“More of this is true than you would believe.” –Opening title card.
War is about killing and violence. But what if it didn’t have to be?
That apparently was the thinking behind a brief and unconventional New Age experiment in the military that was chronicled in British reporter Jon Ronson’s book “The Men Who Stare at Goats.”
Purportedly, it chronicled a top secret US Army unit founded in 1979 called the First Earth Battalion. This clandestine group dabbled in mindreading, extra sensory perception, astral projection and all manner of practices that would seem downright fanciful for a military operation.
Writer Peter Straughan (“How to Lose Friends and Alienate People”) and actor Grant Heslov (“Good Night and Good Luck”), making his feature directorial debut, mine this premise to exploit its potential comic absurdity.
Ewan McGregor (“Amelia”) portrays a struggling newspaper reporter named Bob Wilton. Desperately seeking a story to revive his sagging professional and private life, Bob heads for Middle East during the beginnings of the Iraqi conflict.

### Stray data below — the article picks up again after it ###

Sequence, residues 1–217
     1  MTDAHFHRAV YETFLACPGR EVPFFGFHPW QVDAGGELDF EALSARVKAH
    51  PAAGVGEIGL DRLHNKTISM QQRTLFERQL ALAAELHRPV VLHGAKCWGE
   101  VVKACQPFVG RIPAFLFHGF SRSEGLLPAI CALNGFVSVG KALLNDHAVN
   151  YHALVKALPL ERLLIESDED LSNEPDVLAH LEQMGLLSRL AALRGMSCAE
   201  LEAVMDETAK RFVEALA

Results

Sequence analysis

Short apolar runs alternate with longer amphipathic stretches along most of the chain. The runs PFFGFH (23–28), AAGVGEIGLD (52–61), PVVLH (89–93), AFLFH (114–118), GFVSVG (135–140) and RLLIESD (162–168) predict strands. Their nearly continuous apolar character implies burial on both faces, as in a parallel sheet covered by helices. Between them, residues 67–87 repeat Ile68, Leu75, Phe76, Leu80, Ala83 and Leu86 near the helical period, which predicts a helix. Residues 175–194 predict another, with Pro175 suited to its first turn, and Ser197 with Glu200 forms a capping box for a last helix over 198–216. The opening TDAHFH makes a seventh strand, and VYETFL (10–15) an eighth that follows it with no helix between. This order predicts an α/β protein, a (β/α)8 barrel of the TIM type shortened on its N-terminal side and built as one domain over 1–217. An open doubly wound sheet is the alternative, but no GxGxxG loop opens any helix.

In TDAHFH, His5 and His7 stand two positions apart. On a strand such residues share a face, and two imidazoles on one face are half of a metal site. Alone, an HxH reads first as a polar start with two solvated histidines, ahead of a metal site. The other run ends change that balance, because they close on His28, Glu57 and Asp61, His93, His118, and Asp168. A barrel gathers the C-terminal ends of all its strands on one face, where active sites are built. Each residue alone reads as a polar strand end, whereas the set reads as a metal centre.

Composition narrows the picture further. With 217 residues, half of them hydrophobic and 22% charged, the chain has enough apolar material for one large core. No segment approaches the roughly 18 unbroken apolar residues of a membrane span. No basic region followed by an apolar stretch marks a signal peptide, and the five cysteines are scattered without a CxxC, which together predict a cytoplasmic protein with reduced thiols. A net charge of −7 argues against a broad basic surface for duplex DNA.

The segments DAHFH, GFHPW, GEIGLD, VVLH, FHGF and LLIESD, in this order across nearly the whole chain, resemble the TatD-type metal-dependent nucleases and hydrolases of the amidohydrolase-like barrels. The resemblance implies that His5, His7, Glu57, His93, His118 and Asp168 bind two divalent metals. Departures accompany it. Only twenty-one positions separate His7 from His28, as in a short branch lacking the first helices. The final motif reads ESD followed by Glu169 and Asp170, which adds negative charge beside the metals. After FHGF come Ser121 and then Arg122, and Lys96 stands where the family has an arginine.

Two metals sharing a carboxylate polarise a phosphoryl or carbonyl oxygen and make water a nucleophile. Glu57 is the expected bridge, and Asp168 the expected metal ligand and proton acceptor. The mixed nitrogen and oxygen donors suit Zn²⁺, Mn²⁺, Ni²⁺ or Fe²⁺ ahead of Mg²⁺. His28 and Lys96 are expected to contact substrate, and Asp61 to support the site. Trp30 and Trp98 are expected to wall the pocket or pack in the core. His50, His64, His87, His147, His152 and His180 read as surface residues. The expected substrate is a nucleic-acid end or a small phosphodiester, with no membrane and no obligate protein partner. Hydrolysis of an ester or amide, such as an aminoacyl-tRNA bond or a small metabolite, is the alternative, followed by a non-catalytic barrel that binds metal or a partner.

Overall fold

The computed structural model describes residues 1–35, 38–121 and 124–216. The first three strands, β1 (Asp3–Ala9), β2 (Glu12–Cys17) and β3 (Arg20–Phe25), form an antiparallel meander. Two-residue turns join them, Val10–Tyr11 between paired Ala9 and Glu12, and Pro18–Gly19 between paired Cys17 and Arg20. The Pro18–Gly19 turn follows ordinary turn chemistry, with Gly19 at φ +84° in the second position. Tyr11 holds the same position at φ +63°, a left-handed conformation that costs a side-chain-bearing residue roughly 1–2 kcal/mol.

In a Kuwaiti hotel, he meets a mysterious man named Lyn Cassidy, played by George Clooney (“Burn After Reading”). After striking up a conversation, Bob ultimately learns that Lyn was a part of the aforementioned First Earth Battalion. Sensing that he and Bob share a cosmic connection, Lyn agrees to smuggle Bob into Iraq. He was headed there, anyway.
It seems that some kind of mental image has drawn Lyn to the scene. He’s convinced that he’s going there to meet with the former leader of the ESP squad, Bill Django (Jeff Bridges from “Iron Man”).
On their perilous journey, Lyn relates the story of the First Earth squad, seen mostly in a series of flashbacks. Starting in the 1970s, they practiced mind reading, walking through walls and making goats faint with a stare, all to see if there were military applications for having these “superpowers.” (Of course, mind-altering drugs enhanced many of their experiences.)
One of the participants in this bold experiment was a troublemaker named Larry Hooper (Kevin Spacey from “21”). Decades later, he’s still fouling the extra-sensory waters.
The real appeal of “The Men Who Stare at Goats” lies in its cast. It’s great to see these three veterans, Clooney, Spacey and Bridges, add zip to their oddball characters.
Clooney is terrific, managing to somehow be simultaneously loopy and convincing.
While it never achieves the satiric heights it aims for, “The Men Who Stare at Goats” is a modestly diverting anti-war comedy. (R) Rating: ***
* Avoid at all costs
** Only if you're bored
*** Good movie
**** Well worth your time
***** Be sure to see it